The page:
"My son made my day," said Tabatha Brown, Braxton's mother. "He was my heart. And now it's like my heart is gone. How can I live without a heart?"

Brown and others at the vigil believe Braxton's death was a result of a dispute at school, a theory Fayetteville police would not confirm or deny.

No arrests were made in Braxton’s killing as of Monday evening. Investigators said they are talking to witnesses and are looking for three subjects in a dark-colored SUV.

Meanwhile, family and friends continue to cope.

"He's a baby. He didn't even complete high school," Brown said. "No children, no wife, no anything. Whoever did this, they have no morals. No compassion. No anything."

The group ended the vigil by playing music and dancing – just the way Braxton would've wanted it, they said.


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  • btneast Oct 6, 2014

    It is obvious that the parents of many kids are inadequate or are contributing to the problem. What is the city's work around to poor parents What parents? That is the problem.....most of these youth were born to very young single moms, who left the raising to the child's grandmother or aunt......or combination of female relatives over the years. There are no parents, as most of us define parents.

  • Viewer Oct 3, 2014

    Clarion Call may make the news media and the politicians feel good; but what are they doing to reach the boys early enough to prevent this behavior? It is obvious that the parents of many kids are inadequate or are contributing to the problem. What is the city's work around to poor parents?

  • Confucius say Sep 30, 2014

    It's not simply youth violence, it's predominantly violence by young black males. Address that problem.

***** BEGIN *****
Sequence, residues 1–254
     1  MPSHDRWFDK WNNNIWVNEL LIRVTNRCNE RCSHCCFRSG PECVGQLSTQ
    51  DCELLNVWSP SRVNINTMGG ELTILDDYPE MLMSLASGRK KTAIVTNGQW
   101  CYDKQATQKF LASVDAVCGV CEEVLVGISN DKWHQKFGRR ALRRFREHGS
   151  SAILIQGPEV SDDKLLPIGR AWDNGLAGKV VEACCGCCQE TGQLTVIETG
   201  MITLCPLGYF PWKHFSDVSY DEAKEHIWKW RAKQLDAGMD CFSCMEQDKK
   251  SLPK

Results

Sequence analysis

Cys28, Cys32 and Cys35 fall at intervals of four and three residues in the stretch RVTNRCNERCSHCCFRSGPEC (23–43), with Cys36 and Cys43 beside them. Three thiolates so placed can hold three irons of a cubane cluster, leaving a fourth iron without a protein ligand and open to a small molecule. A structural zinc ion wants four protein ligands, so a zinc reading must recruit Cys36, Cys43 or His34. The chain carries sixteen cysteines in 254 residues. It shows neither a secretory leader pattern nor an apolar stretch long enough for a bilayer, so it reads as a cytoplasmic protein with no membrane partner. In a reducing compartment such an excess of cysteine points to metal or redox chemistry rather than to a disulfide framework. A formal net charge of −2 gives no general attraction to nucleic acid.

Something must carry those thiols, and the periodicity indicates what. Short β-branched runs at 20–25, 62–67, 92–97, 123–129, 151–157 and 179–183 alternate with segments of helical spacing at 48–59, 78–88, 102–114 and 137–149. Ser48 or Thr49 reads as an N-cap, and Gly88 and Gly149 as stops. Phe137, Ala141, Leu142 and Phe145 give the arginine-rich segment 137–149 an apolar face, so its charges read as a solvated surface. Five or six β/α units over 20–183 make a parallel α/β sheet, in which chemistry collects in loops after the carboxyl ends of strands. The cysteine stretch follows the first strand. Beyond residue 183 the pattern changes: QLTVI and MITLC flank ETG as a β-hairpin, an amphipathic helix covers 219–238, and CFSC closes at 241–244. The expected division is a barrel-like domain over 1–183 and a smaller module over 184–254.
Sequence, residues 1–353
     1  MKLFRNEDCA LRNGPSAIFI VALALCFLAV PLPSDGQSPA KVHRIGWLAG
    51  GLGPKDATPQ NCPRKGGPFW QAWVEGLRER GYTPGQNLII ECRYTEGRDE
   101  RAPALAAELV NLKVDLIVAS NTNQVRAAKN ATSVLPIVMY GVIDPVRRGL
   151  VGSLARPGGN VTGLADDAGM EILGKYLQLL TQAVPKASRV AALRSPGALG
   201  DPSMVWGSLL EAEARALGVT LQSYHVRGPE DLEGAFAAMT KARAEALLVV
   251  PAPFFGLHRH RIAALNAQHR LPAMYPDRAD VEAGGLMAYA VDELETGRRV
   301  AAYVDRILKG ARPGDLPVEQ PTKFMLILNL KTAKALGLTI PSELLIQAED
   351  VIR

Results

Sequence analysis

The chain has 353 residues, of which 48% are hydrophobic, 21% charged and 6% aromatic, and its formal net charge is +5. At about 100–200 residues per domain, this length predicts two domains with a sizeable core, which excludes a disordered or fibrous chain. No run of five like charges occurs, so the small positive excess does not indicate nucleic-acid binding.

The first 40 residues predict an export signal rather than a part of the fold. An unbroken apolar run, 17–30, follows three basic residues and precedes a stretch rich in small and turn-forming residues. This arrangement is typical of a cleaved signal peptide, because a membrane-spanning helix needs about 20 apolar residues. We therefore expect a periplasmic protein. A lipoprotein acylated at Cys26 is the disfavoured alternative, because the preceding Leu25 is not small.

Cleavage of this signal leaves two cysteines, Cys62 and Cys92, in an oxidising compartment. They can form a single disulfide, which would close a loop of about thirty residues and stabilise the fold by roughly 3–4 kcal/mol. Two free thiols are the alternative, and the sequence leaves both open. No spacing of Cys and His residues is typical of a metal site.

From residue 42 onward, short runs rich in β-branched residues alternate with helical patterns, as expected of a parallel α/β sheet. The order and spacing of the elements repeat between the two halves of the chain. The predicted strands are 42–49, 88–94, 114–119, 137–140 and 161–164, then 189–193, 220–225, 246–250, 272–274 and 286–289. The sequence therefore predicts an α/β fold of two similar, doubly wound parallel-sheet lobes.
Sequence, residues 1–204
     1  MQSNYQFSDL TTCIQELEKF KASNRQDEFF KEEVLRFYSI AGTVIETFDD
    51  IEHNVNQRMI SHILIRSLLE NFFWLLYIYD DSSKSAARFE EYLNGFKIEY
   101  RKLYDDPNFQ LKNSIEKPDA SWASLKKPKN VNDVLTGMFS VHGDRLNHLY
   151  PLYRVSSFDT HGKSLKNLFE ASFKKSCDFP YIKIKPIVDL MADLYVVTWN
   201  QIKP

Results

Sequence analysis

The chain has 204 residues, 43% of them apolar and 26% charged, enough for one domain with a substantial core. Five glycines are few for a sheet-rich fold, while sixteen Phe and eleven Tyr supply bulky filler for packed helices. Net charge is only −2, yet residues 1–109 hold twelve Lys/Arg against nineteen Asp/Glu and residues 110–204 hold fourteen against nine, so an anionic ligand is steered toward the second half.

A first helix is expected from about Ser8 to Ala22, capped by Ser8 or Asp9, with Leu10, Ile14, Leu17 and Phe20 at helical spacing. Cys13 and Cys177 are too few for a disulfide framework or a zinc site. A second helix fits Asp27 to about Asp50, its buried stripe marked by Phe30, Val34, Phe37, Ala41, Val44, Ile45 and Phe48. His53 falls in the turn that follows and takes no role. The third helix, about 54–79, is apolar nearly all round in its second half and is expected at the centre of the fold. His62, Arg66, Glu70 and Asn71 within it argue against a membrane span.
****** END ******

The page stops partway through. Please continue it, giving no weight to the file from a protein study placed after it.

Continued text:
• 678devilish Sep 30, 2014

    Perhaps doling out more welfare money or food stamps or something?

    Hello, would you be incline to say this if the race was white. You would be surprise how many is receiving food stamps and others services. Check it out and see for yourself.

  • 678devilish Sep 30, 2014

    What is the violence solving? Nothing.

  • KnowsItAll Sep 30, 2014

    Surely there must be some big Government fix for this problem. Perhaps doling out more welfare money or food stamps or something?

  • Jim Hinnant Sep 30, 2014
    user avatar

    "Clarion call." LOLOLOL

  • Lightfoot3 Sep 30, 2014

    The most recent kid left a party to seek trouble at a house across the street, and unfortunately he found it. There is a problem with violence, but there's also a problem with people putting themselves in danger. It's a problem with attitude and culture. These kids aren't being taught to avoid and don't start trouble.

  • kermit60 Sep 30, 2014

    This seems to only be a problem with certain groups within the fayetteville community? These people changing might fix the problem. Not a bunch of politicians holding a feel better meeting.

  • Sean Creasy Sep 30, 2014
    user avatar

    View quoted thread

    I agree totally... Until the parents change their "ethics" and start providing better examples, these kids are going to continue to behave in the fashion their parents deem "acceptable"..